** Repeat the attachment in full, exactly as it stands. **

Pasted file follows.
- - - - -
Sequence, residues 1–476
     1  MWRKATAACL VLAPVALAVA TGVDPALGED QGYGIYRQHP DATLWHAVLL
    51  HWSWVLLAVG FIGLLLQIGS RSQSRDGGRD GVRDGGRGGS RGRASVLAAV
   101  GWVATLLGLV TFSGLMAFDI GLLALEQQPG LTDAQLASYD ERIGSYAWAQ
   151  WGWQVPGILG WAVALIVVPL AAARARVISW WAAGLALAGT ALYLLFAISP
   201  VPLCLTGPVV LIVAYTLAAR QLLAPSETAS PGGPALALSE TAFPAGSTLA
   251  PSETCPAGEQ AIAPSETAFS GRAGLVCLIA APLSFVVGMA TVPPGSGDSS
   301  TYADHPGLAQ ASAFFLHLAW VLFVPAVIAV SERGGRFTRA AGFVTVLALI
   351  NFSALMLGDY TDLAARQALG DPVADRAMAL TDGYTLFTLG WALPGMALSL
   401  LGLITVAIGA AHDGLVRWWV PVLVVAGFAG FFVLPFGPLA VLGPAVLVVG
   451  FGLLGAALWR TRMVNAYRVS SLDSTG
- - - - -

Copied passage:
Sequence, residues 1–476
     1  MWRKATAACL VLAPVALAVA TGVDPALGED QGYGIYRQHP DATLWHAVLL
    51  HWSWVLLAVG FIGLLLQIGS RSQSRDGGRD GVRDGGRGGS RGRASVLAAV
   101  GWVATLLGLV TFSGLMAFDI GLLALEQQPG LTDAQLASYD ERIGSYAWAQ
   151  WGWQVPGILG WAVALIVVPL AAARARVISW WAAGLALAGT ALYLLFAISP
   201  VPLCLTGPVV LIVAYTLAAR QLLAPSETAS PGGPALALSE TAFPAGSTLA
   251  PSETCPAGEQ AIAPSETAFS GRAGLVCLIA APLSFVVGMA TVPPGSGDSS
   301  TYADHPGLAQ ASAFFLHLAW VLFVPAVIAV SERGGRFTRA AGFVTVLALI
   351  NFSALMLGDY TDLAARQALG DPVADRAMAL TDGYTLFTLG WALPGMALSL
   401  LGLITVAIGA AHDGLVRWWV PVLVVAGFAG FFVLPFGPLA VLGPAVLVVG
   451  FGLLGAALWR TRMVNAYRVS SLDSTG